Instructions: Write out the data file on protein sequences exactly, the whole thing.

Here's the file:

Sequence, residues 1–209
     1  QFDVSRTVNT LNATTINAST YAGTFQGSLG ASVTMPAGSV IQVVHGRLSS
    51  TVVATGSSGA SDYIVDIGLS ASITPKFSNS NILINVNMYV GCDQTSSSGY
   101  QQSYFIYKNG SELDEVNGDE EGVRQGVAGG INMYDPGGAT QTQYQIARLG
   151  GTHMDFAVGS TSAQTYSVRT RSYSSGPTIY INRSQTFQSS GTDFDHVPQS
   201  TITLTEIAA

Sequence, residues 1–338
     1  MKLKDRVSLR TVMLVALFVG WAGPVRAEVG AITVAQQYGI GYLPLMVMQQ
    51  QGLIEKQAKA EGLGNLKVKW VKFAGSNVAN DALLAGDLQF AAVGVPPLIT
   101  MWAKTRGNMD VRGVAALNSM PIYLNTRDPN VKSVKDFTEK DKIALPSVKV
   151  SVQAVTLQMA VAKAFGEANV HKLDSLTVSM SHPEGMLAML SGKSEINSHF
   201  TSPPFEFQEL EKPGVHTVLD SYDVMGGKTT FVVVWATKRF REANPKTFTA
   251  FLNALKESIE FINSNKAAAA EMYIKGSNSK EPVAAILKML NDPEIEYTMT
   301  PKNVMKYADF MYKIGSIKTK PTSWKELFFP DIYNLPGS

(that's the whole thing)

Sequence, residues 1–209
     1  QFDVSRTVNT LNATTINAST YAGTFQGSLG ASVTMPAGSV IQVVHGRLSS
    51  TVVATGSSGA SDYIVDIGLS ASITPKFSNS NILINVNMYV GCDQTSSSGY
   101  QQSYFIYKNG SELDEVNGDE EGVRQGVAGG INMYDPGGAT QTQYQIARLG
   151  GTHMDFAVGS TSAQTYSVRT RSYSSGPTIY INRSQTFQSS GTDFDHVPQS
   201  TITLTEIAA

Sequence, residues 1–338
     1  MKLKDRVSLR TVMLVALFVG WAGPVRAEVG AITVAQQYGI GYLPLMVMQQ
    51  QGLIEKQAKA EGLGNLKVKW VKFAGSNVAN DALLAGDLQF AAVGVPPLIT
   101  MWAKTRGNMD VRGVAALNSM PIYLNTRDPN VKSVKDFTEK DKIALPSVKV
   151  SVQAVTLQMA VAKAFGEANV HKLDSLTVSM SHPEGMLAML SGKSEINSHF
   201  TSPPFEFQEL EKPGVHTVLD SYDVMGGKTT FVVVWATKRF REANPKTFTA
   251  FLNALKESIE FINSNKAAAA EMYIKGSNSK EPVAAILKML NDPEIEYTMT
   301  PKNVMKYADF MYKIGSIKTK PTSWKELFFP DIYNLPGS